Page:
The European Commission wants to usher in the era of artificial intelligence and robotisation in factories with a “digitising industry” strategy due in April.
EU officials in Brussels are worried that Europe is lagging behind in the race to bring its industry into the digital era. Part of the reason, they argue, is the legal uncertainty surrounding robotics in factories, which raise a whole new range of issues.
Günter Oettinger, Commissioner for the Digital Agenda, hosted a meeting with stakeholders on 11 January to flag legal and regulatory barriers in preparation for his upcoming “digitising industry” strategy.
Hartmut Rauen, Deputy Executive Director of the German Engineering Association (VDMA), called for EU regulations “to undergo an Industry 4.0 check with a view to amending or abolishing regulations that stand in the way of innovation. After all, the future of European manufacturing depends on the successful digitisation of industry”, he said.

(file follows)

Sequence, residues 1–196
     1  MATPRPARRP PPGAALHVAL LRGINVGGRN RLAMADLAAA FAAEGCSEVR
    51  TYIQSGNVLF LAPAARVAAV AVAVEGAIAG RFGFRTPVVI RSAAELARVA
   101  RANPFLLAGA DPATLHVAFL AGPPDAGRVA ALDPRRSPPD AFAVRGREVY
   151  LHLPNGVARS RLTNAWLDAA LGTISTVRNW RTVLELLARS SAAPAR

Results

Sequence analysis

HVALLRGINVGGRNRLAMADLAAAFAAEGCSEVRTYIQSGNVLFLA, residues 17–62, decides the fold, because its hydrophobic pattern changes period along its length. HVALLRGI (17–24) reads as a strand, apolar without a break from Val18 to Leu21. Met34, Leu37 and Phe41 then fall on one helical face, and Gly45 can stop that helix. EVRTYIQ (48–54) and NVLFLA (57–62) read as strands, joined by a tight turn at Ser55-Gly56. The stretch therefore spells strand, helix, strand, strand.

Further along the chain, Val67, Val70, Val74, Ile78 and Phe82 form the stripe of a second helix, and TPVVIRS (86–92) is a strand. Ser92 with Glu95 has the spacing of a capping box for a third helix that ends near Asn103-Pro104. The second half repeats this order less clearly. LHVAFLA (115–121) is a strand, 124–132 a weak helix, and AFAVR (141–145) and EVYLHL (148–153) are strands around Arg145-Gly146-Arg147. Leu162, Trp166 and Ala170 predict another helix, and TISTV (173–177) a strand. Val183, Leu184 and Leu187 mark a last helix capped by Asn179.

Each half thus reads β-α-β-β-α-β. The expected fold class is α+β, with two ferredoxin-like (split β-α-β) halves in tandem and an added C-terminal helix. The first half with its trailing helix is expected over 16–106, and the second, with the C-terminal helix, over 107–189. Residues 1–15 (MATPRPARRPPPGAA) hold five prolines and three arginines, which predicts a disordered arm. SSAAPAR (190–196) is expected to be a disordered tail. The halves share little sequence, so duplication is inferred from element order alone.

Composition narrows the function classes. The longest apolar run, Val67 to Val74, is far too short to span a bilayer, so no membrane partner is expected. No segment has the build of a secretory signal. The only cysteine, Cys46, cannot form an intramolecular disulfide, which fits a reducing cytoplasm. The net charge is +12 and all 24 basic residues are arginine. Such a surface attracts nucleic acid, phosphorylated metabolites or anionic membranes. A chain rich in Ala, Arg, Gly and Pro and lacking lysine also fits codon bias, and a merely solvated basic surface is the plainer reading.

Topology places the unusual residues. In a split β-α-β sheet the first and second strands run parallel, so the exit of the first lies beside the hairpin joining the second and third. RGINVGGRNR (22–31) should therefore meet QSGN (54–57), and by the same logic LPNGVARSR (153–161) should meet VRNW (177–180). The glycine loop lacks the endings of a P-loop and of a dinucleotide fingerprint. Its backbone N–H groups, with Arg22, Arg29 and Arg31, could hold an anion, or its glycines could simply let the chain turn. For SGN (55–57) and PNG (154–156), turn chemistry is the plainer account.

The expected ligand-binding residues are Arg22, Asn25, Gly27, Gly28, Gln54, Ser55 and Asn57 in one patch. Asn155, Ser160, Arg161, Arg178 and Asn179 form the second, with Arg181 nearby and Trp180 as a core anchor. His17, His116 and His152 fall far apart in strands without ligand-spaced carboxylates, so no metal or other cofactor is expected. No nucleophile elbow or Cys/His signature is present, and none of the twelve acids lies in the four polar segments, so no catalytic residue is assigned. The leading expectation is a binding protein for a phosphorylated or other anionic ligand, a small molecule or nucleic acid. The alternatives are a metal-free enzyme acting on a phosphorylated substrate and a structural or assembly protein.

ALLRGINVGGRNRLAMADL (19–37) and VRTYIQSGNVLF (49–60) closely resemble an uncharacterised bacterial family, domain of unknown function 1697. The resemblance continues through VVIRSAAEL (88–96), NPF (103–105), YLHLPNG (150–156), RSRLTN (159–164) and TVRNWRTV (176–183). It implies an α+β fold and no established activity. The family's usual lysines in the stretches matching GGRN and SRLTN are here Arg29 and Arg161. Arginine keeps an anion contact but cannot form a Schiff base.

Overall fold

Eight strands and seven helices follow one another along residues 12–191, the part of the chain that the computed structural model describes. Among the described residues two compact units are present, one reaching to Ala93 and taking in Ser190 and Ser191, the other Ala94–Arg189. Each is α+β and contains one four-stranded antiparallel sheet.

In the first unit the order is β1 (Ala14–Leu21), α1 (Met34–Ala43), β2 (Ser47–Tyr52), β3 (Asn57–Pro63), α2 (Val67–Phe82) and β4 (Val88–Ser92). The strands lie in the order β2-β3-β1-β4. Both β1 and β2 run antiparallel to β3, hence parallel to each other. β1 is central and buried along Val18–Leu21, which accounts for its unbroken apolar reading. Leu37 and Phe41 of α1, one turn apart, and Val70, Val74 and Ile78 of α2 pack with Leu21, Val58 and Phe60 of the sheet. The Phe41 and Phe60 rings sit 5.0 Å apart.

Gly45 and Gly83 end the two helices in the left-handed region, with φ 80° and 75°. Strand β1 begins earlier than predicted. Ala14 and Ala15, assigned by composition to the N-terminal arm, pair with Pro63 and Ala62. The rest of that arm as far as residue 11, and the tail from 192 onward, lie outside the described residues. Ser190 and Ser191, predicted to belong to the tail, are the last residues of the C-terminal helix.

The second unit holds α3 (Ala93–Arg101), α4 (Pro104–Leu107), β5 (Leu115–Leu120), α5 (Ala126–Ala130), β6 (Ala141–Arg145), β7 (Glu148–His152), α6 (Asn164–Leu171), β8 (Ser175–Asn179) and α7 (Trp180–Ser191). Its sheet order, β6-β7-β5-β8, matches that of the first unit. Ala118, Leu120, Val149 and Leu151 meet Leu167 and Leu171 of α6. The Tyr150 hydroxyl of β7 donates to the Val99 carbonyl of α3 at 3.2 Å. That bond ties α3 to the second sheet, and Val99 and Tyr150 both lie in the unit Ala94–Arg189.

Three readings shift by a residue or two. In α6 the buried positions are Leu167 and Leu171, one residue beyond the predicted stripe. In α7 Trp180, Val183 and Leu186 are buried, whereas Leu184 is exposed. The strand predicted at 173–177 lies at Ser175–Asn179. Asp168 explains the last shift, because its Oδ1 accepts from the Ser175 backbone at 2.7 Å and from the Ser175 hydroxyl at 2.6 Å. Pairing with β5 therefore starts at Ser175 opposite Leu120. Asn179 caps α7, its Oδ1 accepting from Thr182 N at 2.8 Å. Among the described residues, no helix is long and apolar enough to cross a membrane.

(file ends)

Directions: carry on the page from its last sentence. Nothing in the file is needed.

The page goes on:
Industry 4.0 – the digitalisation of industry – is a term that was coined in Germany and Oettinger, who is also German, has picked up the baton with enthusiasm.
“The message I received today is very clear: there is an urgent need for European industry, Member States and European Commission to act together in order to benefit fully from the opportunities offered by digital technologies in a European digital single market,” Oettinger wrote on his blog.
According to a preparatory document for the meeting, the Commission is looking at four unsolved legal issues.
- First, who to consider liable when robots take charge, as autonomous machines cannot be considered simple tools anymore. This poses a challenge to existing liability rules where a legal entity (person or company) is ultimately responsible when something goes wrong.